2015The Women’s Hospital – Deaconess Health SystemSonya Mauzey, RN, BS, CIC, Infection PreventionistPseudomonas aeruginosaAPIC 2015 (poster presentation)
2015University of ArizonaCharles Gerba, PhD, Professor, Microbiology & Environmental Sciences, University of ArizonaC. difficile spores, MS-2 virus and MRSAAPIC 2015

99.99% inactivation of over 35 high-risk microorganisms in 5 minutes from 2.44 meters away - and SARS-CoV-2 at 3.65 meters.

Independently proven efficacy at real-world times and distances. Over 35 independent laboratory tests proving performance against C. difficile spores, MRSA, SARS-CoV-2 and other high-risk microorganisms.

Efficacy Table

Microorganism ≥ 4.0 Log Reduction ≥ 5.0 Log Reduction ≥ 6.0 Log Reduction
FUNGI• Candida auris• Candida albicans
BACTERIAL SPORESClostridium difficile
VIRUSES• Adenovirus
• Hepatitis A Virus
• Hepatitis C Virus ††
• Herpes Simplex Virus 2
• Human Coronavirus
• Measles Virus
• Respiratory Syncytial Virus
• Rhinovirus
• Rotavirus
• Severe Acute Respiratory Syndrome Coronavirus-2 (SARS-CoV-2)**
• Ebola
• Enterovirus 68
• Herpes Simplex Virus 1
• Influenza A Virus (H1N1)
• Middle East Respiratory Syndrome Coronavirus (MERS-CoV)
• Norovirus†††
• Poliovirus
BACTERIAAcinetobacter baumannii
Bordetella pertussis
Escherichia coli
Escherichia coli (carbapenem-resistant; CRE)
Enterococcus faecium (vancomycin-resistant; VRE)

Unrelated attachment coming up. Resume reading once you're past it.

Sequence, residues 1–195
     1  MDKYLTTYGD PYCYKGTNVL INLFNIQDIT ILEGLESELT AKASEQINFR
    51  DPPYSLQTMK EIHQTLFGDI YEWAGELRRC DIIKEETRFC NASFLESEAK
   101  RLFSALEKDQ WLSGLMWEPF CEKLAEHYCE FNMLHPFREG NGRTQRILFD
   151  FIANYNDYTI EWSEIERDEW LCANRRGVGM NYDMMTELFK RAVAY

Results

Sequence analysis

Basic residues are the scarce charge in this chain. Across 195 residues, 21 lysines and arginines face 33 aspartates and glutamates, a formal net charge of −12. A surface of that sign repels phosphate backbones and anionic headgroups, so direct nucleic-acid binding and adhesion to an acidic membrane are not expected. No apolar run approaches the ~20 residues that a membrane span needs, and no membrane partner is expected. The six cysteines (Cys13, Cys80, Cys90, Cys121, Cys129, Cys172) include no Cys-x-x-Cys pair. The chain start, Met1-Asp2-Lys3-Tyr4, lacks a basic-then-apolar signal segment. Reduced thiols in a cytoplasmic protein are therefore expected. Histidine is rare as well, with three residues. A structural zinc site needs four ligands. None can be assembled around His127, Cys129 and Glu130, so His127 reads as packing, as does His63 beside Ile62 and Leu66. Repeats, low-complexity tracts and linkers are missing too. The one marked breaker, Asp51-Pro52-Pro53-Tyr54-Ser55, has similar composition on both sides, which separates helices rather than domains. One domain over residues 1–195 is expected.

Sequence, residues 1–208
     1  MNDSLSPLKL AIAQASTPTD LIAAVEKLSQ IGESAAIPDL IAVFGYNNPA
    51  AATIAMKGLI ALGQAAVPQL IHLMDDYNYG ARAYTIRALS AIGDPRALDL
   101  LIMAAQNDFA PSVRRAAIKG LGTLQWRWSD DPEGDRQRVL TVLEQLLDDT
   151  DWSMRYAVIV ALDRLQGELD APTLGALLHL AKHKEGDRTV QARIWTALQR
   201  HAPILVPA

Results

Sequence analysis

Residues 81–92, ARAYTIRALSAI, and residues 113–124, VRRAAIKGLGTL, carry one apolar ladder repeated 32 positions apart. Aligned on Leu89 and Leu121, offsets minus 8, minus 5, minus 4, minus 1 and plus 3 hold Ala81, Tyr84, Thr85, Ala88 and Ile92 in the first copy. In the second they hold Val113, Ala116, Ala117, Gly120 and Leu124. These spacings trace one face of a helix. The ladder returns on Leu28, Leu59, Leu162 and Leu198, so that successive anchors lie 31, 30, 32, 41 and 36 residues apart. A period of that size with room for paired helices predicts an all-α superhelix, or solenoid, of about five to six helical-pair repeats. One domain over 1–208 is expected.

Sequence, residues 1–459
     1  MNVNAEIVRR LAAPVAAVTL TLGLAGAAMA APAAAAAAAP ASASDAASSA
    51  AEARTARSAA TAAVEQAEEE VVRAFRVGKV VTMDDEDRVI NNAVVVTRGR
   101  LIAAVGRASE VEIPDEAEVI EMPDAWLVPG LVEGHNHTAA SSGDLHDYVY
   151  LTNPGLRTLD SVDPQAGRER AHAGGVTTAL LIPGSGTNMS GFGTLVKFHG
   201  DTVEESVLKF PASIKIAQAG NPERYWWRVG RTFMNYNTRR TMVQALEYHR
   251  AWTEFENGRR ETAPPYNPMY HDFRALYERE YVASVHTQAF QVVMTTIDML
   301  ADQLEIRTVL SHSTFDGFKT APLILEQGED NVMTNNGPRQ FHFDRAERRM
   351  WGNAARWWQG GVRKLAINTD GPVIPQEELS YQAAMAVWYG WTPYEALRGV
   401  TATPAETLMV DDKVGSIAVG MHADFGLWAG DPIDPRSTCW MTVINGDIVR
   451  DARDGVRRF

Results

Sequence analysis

Listeria monocytogenes
• Methicillin-resistant Staphylococcus aureus (MRSA)
Mycobacterium bovis (TB surrogate)
Pseudomonas aeruginosa
Salmonella enterica
Staphylococcus aureus
•Staphylococcus epidermis (coagulase-negative; CoNS)
Enterobacter aerogenes
Enterococcus aecalis
Klebsiella pneumoniae
Proteus mirabilis
Serratia marcescens

*Based on independent laboratory testing.           **Greater than 4-log reduction achieved in 5 minutes at 12 feet distance           †Between 3-and-4-log reduction achieved at 20 minutes           ††Via bovine viral diarrhea virus surrogate           Via feline calicivirus surrogate

360º Surface Coverage Confirmation

Proprietary UV Dose Verify™ confirms a germicidal UV-C dose calibrated to the UVDI-360 has reached any targeted surface.

UVDI-360 Running a Cycle in a Patient Room

Rapid UV-C Disinfection

Disinfection without workflow disruption. 5 to 10 minutes for an average-size patient room.

UVDI-360 Room Sanitizer Sensors

Designed for User Safety

Features including infrared heat-sensing motion sensors which shut off device immediately if people are present.

Easy to Operate

Simple remote and on-device operation.

Advanced Features for Advanced UV Disinfection

UVDI-360 Room Sanitizer

Powerful 158 cm Long Lamp Technology
Designed with four 158 cm maximum UV output lamps providing 360 degrees of UV radiation.

Aluminum Reflector Mast
Designed for maximum UV-C energy distribution.

Simple Remote Operation
Allows for remote cycle with a single push of a button.

Device has a range of 15 m through walls.

remote control

Touchscreen
Easy and intuitive touchscreen operating system.

Data Retention
Saves usage data for every cycle performed by device.

Safe to Use
Four infrared motion sensors prevent operation if movement is detected within the room.

Lightweight
Only weighs 40 kg - durable and easy to move

UVDI-360 Smart Data

Dr. Scrolling through Smart Data for International

Cloud-Based Analytics

Drive operational efficiency with easy-to-read dashboards sharing device and service information, overall usage data, custom reporting and real-time notifications.

Education Portal

Easily access product information, clinical evidence and training resources.

CMS (Content Management System)

Efficiently manage devices in-use and registered operators.